A Guide on How to Go Back to College: Part Seven

Planning a Successful First College Semester as a Non-Traditional Student

By Beth Dumbauld

This is the seventh installment in a multi-part series about how to go back to college. In earlier parts, the guide looked at how to create a personal and career inventory, explored fast growing occupations and helped with assessing any academic gaps. Past sections explored online college options, the overall college choice mix, and how to transfer college credits. We also looked in depth at the costs of college and how to pay for it through financial aid, grants, and scholarships. In this section, Part Seven, we will look closely at how to plan a successful first semester as a non-traditional college student.

Stepping into the role of a student can be challenging as an adult. Going back to school as a non-traditional student doesn’t come with the same built-in support system as it does for a student just out of high school. A non-traditional student typically doesn’t live on campus, works (often full-time), and more than likely already has a family and many commitments outside of school. Non-traditional students are generally trying to incorporate a college education into their already over-scheduled life. This is not an easy task. As such, having a plan steeped in flexibility and a commitment to educational end goals are essential for educational success.

Non-traditional students need to develop a strategy when it comes to a workable schedule. Here are a few reasons why:

  • 78 percent of undergraduates work while enrolled.1
  • On average, employed students spend almost 30 hours per week working.2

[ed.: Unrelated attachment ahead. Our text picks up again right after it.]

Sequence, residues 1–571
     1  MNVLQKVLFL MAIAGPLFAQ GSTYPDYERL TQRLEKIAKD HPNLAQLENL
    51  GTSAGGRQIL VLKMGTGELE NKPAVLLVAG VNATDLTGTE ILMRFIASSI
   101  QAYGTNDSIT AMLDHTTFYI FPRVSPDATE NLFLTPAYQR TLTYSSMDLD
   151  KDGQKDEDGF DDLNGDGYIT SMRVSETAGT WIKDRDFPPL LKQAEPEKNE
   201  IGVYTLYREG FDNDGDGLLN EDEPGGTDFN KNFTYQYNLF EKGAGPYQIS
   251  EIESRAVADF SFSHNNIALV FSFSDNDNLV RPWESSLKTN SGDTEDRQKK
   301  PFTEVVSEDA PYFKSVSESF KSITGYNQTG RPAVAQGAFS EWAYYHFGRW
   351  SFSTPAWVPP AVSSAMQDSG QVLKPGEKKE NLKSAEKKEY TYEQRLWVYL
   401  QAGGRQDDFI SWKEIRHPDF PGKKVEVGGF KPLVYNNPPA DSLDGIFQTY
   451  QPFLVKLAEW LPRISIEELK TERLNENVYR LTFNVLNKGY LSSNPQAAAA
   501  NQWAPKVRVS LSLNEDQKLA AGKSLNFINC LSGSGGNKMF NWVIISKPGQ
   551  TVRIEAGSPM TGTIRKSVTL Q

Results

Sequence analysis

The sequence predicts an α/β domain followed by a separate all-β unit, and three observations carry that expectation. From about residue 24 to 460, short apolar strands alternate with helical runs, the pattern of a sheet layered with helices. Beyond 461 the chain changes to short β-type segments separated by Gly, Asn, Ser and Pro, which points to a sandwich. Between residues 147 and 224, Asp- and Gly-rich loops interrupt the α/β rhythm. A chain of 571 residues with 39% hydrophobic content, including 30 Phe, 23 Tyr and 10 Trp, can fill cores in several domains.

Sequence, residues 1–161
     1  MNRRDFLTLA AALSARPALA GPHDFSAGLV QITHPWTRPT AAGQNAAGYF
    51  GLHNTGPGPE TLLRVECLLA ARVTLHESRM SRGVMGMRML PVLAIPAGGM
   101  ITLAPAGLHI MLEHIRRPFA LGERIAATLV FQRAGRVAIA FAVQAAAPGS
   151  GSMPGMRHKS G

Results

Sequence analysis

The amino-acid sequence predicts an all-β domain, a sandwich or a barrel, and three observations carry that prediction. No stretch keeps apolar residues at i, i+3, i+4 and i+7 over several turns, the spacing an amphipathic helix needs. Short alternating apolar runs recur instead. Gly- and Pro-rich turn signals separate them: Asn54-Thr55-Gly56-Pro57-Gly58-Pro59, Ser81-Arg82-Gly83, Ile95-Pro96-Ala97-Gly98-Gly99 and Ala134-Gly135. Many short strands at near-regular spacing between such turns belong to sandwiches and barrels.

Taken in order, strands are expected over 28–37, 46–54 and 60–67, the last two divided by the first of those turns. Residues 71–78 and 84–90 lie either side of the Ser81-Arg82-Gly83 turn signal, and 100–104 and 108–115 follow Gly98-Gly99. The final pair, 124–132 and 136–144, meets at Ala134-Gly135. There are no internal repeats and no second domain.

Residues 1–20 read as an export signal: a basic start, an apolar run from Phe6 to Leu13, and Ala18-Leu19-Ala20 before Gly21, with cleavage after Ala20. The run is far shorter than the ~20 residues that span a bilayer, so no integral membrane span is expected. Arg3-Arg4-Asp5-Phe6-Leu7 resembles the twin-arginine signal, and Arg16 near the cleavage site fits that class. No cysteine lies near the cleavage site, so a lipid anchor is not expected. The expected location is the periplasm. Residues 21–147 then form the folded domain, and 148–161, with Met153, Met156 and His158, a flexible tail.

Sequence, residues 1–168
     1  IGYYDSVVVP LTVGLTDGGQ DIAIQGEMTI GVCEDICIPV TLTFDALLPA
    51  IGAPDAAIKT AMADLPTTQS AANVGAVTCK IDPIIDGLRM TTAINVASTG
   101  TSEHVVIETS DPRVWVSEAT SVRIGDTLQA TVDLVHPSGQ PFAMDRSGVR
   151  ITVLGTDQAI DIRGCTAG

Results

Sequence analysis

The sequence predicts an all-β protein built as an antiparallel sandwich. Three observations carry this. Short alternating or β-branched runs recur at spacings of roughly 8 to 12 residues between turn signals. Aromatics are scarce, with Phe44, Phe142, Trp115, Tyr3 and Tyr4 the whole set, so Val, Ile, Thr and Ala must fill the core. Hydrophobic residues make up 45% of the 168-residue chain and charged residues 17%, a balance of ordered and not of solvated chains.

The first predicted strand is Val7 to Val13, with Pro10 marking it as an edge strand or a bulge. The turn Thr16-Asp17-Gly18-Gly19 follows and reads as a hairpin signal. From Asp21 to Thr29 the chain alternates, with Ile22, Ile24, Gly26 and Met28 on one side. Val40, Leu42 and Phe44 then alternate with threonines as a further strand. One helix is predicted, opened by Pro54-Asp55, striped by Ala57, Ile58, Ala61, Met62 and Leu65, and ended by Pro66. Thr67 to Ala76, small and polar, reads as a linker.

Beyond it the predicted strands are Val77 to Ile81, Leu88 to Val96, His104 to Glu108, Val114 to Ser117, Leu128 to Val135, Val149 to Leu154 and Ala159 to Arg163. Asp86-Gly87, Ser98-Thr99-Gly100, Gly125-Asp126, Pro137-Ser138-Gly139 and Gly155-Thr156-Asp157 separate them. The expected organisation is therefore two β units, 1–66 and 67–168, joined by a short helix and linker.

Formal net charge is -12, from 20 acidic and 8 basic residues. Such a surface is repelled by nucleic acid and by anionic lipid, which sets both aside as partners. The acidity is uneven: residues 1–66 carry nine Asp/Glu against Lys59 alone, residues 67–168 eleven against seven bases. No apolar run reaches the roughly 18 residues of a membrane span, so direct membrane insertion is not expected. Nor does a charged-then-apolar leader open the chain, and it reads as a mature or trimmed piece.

• About 25% of full-time students work full time.
  • One-third of working students describe themselves as employees who study. These individuals—most of whom are older and attend college part time—continue to hold the jobs they had prior to enrolling in college.3
  • Two-thirds of working students state that their primary reason for working is to pay tuition, fees, and living expenses.4

Finding the time to obtain a college education, no matter how busy you are, can help you attain personal and career goals. Yes, it can be difficult to anticipate how much time you’ll need to take college courses successfully as an adult. It can be easy to underestimate what a college program will expect from you and to over-schedule your life. Anticipating what kind of schedule flexibility you require before registration may mean the difference between good intentions gone bad and success.

Here are some tips to help you succeed in your first semester as a non-traditional student. Consider them a heads-up of what you are about to get into so you can set yourself up for success, and ultimately graduate.

Assess Course Catalog:

Many students returning to college at a later stage in life are doing so for professional reasons. After assessing your own personal and academic goals, you probably have a good idea of what you would like to major in. Be sure to review your college’s course catalog. Generally available online, this catalog will provide a listing of courses available in given areas of study and what prerequisite classes are required before you advance. From this, you can build an academic road map. The beginning of your college experience is the time to enroll in a writing class or introductory math classes, like introductory algebra. Consider this the time to invest in the building blocks on which the rest of your academics will follow.

If you plan on earning credits for your prerequisite courses at one school and then transferring credits to a different college, be sure you understand both schools’ transfer policies. It’s important that you take the appropriate classes initially so you can stay with your college plan and earn equivalency credits at the school you’d like to transfer into. Paying attention to, and signing up for classes in your current course catalog that are considered equivalent to other courses at your transferring institution can save you money and at time, by not having to repeat (and pay for) classes consisting of material you’ve already mastered.

1 Acenet Issue Brief, Working Their Way Through College, May 2006, p.1 (PDF DOWNLOAD:)




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